Leadership

10 things that get better (or worse) with age

Do we improve as we get older -- or do we decline with age? Steve Tobak breaks it down and concludes we do a bit of both.

Conventional wisdom says it's good to be young. That by the time you've been around long enough to understand how everything works, you're too old to enjoy it. Well, I'm going to challenge that and take on an issue that's become a personal and professional battleground for many of you.

You see, jobs are at a premium and it's not at all clear which generation, if any, is being discriminated against. Baby boomers tell me their jobs are going to younger and cheaper talent. But the data shows that younger people have far higher levels of unemployment.

Besides the jobs thing, there's all that hoopla over generation gaps and generational profiling -- real, imagined, or otherwise -- between our aging population of baby boomers and Generation X, Y, Z, and who knows what comes next.

Here's how I'd like to approach this big hairy issue, if I may. It's a question for the ages if there ever was one: Do people get better with age?

To start the conversation, I thought I'd list what, about you and me, gets better with age and what doesn't. See what you think.

Note: This article is based on an entry in BNET's The Corner Office blog.

What gets better with age?

1: Experience

Now, experience may be overrated as a criterion for hiring and promoting, as we previously discussed, but that doesn't mean it's ever a bad thing. We gain confidence from our successes and learn real life lessons from our failures. It's all good.

2: Management ability

For the vast majority, competence, functional skill, decision-making -- most of the necessary ingredients for good management practice -- improve with age and, of course, experience.

3: Leadership ability

Confidence, humor, humility, empathy, virtually all leadership characteristics seem to improve with age. That's why CEOs like Steve Jobs and Bill Gates became better leaders as they "grew up."

4: Men

This is sure to be a controversial one, but for the most part, men remain immature longer and tend to grow up much later than women do, at least in my experience. Simply put, I think men tend to become better people with age.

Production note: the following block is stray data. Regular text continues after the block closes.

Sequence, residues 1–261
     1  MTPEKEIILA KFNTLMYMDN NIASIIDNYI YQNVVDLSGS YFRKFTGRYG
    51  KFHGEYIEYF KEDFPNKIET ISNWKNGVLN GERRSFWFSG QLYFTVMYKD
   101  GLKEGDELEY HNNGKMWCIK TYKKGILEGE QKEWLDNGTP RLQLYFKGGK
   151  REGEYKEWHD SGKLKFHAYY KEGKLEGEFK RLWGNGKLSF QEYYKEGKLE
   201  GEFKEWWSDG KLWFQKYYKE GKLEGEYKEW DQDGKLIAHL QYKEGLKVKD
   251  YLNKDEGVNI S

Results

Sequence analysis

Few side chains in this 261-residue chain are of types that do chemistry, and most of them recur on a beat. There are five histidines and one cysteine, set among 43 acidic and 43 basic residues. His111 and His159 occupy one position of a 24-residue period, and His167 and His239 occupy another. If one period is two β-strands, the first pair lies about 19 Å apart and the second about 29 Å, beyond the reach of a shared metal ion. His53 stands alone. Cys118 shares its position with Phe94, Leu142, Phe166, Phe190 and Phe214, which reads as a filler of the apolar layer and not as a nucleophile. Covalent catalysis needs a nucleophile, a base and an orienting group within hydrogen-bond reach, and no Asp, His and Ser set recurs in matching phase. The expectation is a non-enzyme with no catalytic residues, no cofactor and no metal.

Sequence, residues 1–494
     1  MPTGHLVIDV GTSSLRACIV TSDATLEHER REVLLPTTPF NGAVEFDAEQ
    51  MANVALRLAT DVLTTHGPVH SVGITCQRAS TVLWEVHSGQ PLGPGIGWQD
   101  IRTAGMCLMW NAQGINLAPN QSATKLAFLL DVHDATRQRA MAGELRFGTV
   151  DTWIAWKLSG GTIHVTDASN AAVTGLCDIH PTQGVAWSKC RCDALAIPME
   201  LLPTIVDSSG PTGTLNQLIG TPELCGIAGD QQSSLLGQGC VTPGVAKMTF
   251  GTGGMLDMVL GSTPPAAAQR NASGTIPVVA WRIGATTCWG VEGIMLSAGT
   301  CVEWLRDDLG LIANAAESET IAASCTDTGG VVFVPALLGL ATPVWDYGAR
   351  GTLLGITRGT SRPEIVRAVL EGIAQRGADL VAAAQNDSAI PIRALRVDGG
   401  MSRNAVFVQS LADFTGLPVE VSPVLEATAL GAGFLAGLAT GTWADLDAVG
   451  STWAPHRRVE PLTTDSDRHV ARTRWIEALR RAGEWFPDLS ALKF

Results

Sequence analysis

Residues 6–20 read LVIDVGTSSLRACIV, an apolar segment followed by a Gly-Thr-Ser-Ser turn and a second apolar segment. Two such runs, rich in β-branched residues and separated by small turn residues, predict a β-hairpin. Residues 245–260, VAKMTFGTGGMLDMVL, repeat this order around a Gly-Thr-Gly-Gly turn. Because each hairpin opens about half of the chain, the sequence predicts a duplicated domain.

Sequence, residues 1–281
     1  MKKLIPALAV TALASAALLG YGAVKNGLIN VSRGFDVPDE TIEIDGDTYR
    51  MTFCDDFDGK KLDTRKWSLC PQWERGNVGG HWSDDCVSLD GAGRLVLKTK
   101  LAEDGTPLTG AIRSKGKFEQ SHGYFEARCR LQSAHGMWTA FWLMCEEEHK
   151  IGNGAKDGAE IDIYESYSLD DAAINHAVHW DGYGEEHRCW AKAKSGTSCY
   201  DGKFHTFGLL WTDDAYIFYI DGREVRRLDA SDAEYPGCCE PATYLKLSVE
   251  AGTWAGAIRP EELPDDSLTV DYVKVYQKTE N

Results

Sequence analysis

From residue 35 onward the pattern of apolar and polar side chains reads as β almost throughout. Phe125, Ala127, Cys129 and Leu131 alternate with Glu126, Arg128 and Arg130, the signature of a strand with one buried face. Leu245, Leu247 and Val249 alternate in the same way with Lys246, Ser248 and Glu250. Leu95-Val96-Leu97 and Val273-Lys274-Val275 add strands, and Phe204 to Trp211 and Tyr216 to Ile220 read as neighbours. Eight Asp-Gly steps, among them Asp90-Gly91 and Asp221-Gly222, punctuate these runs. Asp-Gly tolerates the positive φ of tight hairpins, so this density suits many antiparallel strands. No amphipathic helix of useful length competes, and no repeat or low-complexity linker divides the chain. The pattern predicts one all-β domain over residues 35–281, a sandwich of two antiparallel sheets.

5: Comfort in your own skin

I guess temperament and maturity go along with that pretty well. The very act of growing up, getting experience under your belt, and getting to know yourself, people, and how the world works, tends to help most of us feel more comfortable in our own skin. At least, that's the theory.

What gets worse with age?

1: Stamina

Whatever you do for a living or for fun, you can't do it for as long as you used to, that's for sure.

2: Staying in shape

On two separate occasions, in response to compliments about how good they looked, two aging, well-known Silicon Valley executives told me the same thing: "You have no idea how much it takes to look this good at my age." Yup, it's true.

3: Health

Allergies, eyes, hair, skin, joints, pain. I can go on and on about this, but it's pretty straightforward that things don't work as well as they used to.

4: Adaptability

This may be a myth; I'm not really sure. Still, I had to throw it in here and see what happens. It's certainly age-old wisdom that we become more set in our ways, you can't teach an old dog new tricks, that sort of thing. It clearly doesn't apply to everyone and all things, but it might be a fairly accurate generalization.

5: Memory

I'm pretty sure this is biological fact, but I'm definitely sure you'll let me know if I'm wrong.

Bonus deficit: Hangovers

Yup, it's a fact: Older people just can't party like they used to. The unfortunate result of a slowing metabolism.

Your take

That's where I am on the debate. On the whole, I'd say that it's a pretty mixed bag. That said, while the body does tend to deteriorate, personal and professional growth -- in terms of ability, experience, competence, emotional intelligence, all that good stuff -- would seem to more than compensate.

So I'm going to come down on the side of aging being more or less a good thing. What do you think?

38 comments
Robiisan
Robiisan

You mentioned that you thought your comments "might be a fairly accurate generalization." With a wink and a grin I say, remember what Mark Twain said: "No generalization is worth a damn, including this one." Good article! Thanks!!

Brainstorms
Brainstorms